Friday, February 15, 2013

Homebrew Alley Contest

 

[link to podcast page]
WFMU's Beer Hear! with Bob W. and B.R. from 2/15/2013

The New York City Homebrewers Guild has been conducting homebrew contests in New York City since long before B.R. and I started homebrewing. And we had our own exciting adventures organizing a bunch of contests for our Malted Barley Appreciation Society -- the first one in February 1998! One year we had over 500 entries in our Best of Brooklyn contest, which was held annually at the Brooklyn Brewery.
B.R. hard at work, along side Mike, across from James.
We've been judging beer since 1997 -- B.R. is a National Judge and I'm a Certified Judge in the Beer Judge Certification Program -- and we try to participate in at least one contest per year. This January, we judged Belgian Specialties and French beers at the Homebrew Alley 7 contest, organized by Guild members Chris Cuzme of 508 Gastrobrewery and Mary Izett of the Ale Street News. Though judging the same styles at the same table, we were in different sub-panels. My judge partner was Mike, and we had 11 beers to evaluate out of the more than 750 total entries. The contest was held at Alewife, which provided the judges and volunteers with a complimentary lunch and pint of beer!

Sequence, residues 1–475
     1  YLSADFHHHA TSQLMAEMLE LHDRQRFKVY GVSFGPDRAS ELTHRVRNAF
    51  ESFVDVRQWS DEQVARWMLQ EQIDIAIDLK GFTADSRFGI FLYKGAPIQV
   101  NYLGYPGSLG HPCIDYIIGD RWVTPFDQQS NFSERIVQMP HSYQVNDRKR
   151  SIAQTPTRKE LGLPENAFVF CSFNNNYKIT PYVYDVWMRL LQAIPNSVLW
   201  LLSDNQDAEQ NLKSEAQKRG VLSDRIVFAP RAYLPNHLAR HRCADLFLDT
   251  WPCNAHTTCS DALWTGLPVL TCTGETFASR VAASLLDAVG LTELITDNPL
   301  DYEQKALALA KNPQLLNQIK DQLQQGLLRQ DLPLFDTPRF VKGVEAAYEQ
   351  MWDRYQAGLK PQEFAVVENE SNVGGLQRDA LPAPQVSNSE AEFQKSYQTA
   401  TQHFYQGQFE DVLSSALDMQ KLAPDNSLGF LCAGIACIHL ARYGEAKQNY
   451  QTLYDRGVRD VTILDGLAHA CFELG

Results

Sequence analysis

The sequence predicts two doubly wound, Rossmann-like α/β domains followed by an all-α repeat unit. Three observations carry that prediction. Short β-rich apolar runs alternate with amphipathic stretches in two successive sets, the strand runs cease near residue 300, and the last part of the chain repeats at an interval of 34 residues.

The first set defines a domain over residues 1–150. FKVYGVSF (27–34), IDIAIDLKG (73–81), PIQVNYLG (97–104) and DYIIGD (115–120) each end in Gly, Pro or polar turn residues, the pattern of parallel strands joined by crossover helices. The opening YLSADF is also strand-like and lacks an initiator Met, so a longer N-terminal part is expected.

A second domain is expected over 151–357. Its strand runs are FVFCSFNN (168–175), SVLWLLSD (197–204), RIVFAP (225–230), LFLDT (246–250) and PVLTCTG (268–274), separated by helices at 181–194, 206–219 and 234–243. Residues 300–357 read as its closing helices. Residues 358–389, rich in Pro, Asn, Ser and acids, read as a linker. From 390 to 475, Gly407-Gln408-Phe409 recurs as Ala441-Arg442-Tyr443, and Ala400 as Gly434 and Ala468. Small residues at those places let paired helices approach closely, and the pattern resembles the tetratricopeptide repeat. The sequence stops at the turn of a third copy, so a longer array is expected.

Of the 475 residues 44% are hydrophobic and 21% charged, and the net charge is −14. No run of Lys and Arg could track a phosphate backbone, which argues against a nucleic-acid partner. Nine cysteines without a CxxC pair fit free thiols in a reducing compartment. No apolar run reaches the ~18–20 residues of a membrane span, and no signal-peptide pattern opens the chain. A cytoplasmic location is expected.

View looking down from the 2nd floor at Alewife.
Many homebrewers have never entered their beers in a contest, and of those that have, many have never judged, stewarded or been spectators at a homebrew contest. For those wondering how it's done -- what actually goes on at those panels -- we've recorded some of our session. While an entire other blog post could be written about the incredibly mammoth job of the contest organizers -- promoting the contest, securing a space, receiving and processing entries, signing up judges and volunteers, etc. -- we'll just cover the basics of the initial round of judging.
Mary and veteran judge John "Cascade" Naegele.
It all starts with the announcing of the judging panels. Panels are broken down by the BJCP style guidelines. So, all the pilsners are judged by one panel (or sub-panels), stouts another panel, etc. That way the beers are competing with similar entries, and it allows the judges to really focus on the particulars of each style, and judge the beers on relative grounds.

Organizers are careful not to place judges on panels for categories in which the judge has entered beers, and they also try to assign judges to styles which they prefer. For B.R. and me, getting Belgian and French beer is about as good as it gets -- and that's what we got! Those are styles which we know well. In fact, just eight months ago we spent a week visiting breweries in northern France and southern Belgium. B.R. even translated a chapter of a book that Phil Markowski wrote on Farmhouse Ales, so, we consider ourselves quite experienced with those styles.
To wit, a wit.